By Cheryl Conley, TWRC Wildlife Center
Living just a few miles north of Houston, it’s not uncommon for me to hear coyotes howling at night. I get a little nervous when I hear them because they have been known to attack domestic animals. I saw on the news a few weeks ago where a coyote jumped a fence in broad daylight and attacked a small dog. Luckily, the owner was able to scare the coyote and no harm was done to the dog. Because natural habitats are disappearing, more and more coyotes are being sighted in urban settings.
TWRC only accepts coyote pups and we get very few of them but they are very interesting animals and I thought you might enjoy learning about them.
- They are about the size of a small German Shepherd. They have yellowish eyes.
- They are highly intelligent members of the dog family and are described by wildlife experts as clever, cunning and sneaky. They have a strong sense of hearing, smell and sight.
- Dogs run with their tails up; coyotes run with their tails down.
- They are classified as carnivores but will eat almost anything.
- The coyote is very vocal. A long howl lets others know its location. Short barks warn others of danger. They “yip” when reuniting with other pack members and will growl to establish dominance within the pack. They whimper and whine when bonding and make a high-pitched bark to call its pups.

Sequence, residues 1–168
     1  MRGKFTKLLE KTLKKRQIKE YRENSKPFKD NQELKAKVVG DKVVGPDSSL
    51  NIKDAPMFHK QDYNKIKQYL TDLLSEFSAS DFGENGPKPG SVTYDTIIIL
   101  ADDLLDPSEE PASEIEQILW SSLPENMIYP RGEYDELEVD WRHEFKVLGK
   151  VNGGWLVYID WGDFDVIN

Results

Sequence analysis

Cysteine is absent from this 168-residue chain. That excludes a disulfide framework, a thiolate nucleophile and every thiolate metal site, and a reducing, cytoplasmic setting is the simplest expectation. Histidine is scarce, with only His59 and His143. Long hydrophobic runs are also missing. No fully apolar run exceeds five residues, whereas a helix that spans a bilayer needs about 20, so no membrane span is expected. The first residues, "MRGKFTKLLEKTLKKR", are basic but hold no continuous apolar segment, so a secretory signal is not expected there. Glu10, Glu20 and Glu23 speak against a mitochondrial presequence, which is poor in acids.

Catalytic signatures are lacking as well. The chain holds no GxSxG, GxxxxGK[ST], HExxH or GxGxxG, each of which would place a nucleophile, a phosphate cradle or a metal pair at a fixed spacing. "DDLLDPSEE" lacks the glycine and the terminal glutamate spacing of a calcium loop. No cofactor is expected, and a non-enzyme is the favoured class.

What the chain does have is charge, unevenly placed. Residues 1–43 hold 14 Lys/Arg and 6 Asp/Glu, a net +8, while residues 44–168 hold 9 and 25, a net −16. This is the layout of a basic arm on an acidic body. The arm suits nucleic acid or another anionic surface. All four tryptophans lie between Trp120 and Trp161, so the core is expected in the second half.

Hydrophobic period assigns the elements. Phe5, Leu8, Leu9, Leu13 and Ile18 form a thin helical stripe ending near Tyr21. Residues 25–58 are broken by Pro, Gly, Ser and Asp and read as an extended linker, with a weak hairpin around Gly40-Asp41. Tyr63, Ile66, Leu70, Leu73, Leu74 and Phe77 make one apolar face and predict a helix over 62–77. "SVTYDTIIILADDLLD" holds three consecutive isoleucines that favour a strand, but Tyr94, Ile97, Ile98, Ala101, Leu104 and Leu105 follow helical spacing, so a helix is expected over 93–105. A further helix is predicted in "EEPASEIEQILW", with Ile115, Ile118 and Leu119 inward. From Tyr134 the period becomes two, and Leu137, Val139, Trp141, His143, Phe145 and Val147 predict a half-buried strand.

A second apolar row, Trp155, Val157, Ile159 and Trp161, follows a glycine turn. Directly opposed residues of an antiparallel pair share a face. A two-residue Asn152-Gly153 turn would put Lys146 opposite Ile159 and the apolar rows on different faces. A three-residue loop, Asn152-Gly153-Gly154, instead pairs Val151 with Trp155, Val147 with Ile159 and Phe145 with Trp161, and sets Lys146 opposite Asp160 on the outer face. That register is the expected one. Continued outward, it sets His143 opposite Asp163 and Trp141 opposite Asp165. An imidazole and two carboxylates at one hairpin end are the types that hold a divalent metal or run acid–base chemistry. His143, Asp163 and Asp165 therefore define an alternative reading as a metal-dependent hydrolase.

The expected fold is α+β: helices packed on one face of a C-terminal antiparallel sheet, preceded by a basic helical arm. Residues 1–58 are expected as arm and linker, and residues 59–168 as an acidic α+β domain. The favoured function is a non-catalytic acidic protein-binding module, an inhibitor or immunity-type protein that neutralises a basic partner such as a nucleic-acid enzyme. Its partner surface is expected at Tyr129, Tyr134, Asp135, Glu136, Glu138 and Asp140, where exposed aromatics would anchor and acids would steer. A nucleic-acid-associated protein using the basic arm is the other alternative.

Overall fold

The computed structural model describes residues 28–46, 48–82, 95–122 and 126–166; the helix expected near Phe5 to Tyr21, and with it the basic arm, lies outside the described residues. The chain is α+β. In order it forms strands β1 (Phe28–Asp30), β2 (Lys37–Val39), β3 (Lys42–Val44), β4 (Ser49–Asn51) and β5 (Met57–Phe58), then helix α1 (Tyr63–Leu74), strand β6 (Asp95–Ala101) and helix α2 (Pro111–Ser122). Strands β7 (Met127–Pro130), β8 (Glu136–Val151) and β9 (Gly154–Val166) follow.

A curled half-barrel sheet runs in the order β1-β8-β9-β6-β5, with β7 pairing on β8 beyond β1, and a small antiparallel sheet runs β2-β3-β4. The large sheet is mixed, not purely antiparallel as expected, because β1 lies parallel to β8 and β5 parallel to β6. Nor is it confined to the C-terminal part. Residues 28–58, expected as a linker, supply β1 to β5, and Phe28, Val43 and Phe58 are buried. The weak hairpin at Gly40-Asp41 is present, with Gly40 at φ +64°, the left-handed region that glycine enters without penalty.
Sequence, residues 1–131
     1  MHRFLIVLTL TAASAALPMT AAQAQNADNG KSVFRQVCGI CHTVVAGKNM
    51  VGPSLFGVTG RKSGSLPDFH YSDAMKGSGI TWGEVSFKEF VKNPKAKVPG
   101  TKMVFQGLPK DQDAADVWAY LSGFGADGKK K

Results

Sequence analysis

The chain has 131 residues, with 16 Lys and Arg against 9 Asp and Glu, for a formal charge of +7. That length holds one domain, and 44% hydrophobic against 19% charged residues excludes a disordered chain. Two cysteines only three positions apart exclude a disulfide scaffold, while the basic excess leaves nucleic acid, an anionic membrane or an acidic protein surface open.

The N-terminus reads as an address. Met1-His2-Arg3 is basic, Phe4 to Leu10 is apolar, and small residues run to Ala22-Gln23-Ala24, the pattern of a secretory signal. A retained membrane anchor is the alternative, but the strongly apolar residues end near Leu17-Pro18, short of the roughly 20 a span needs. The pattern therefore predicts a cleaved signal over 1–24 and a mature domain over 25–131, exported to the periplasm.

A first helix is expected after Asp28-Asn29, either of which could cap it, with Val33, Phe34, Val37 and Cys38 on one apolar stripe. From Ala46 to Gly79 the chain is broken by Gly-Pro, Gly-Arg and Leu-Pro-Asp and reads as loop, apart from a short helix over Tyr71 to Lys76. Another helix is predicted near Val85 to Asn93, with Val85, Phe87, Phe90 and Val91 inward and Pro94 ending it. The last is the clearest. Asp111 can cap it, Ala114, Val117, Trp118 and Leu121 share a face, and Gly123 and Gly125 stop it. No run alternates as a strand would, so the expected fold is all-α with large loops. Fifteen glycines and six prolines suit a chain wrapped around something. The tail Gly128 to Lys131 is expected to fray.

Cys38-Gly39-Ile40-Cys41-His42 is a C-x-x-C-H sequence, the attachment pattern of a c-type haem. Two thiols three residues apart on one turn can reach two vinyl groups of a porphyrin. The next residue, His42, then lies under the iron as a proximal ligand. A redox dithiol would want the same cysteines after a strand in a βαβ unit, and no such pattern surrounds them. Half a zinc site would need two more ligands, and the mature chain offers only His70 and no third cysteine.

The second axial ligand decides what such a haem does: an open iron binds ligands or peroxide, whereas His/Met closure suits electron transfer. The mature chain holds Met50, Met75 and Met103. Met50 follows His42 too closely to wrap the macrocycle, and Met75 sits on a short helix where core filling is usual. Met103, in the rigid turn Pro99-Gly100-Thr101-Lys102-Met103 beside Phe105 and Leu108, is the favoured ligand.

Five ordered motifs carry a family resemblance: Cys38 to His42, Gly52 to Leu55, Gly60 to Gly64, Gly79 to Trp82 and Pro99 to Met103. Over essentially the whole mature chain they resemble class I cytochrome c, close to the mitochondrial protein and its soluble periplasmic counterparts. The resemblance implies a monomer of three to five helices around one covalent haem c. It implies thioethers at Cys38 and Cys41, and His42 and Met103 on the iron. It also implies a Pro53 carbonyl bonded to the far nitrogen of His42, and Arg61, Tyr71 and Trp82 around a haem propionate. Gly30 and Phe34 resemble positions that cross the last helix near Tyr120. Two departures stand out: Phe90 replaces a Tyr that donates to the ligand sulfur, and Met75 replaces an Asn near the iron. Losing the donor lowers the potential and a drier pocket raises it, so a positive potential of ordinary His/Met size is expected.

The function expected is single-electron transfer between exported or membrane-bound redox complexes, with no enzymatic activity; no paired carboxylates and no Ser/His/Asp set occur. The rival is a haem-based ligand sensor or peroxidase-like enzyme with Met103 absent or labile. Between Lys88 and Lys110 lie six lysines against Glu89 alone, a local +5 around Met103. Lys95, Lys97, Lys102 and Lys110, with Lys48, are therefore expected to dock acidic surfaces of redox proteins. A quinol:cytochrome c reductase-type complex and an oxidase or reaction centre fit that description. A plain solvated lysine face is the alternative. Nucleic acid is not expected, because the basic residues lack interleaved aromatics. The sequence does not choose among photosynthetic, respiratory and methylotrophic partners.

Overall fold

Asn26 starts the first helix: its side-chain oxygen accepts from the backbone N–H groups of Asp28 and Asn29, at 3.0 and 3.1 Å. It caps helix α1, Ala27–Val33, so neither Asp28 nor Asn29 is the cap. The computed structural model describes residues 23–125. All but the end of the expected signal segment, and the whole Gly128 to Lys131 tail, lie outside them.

- They can live up to 14 years in the wild.
- Some consider them a nuisance and attempt trapping and other nuisance-control measures. This will never eliminate them. Remove one and another one will move in to take its place. In The Woodlands, Texas, a few years ago several coyotes were removed. The result was that feral pigs moved in and destroyed lawns. According to Texas Parks and Wildlife, “The real solution and the greater need facing Texans right now is public education. We need to inform and empower people to take steps to coexist with coyotes and other urban wildlife.”
- Coyotes can run up to 40mph.
- Coyotes are 100% monogamous according to a study by scientists at Ohio State University in 2012. “I was surprised we didn’t find any cheating going on,” said study co-author Stan Gehrt, a wildlife ecologist with Ohio State’s School of Environment and Natural Resources.
- Coyotes are great swimmers.
If you have questions about wildlife, please refer to our website at www.twrcwildlifecenter.org. If you can’t find the answers you need, give us a call at 713.468.8972.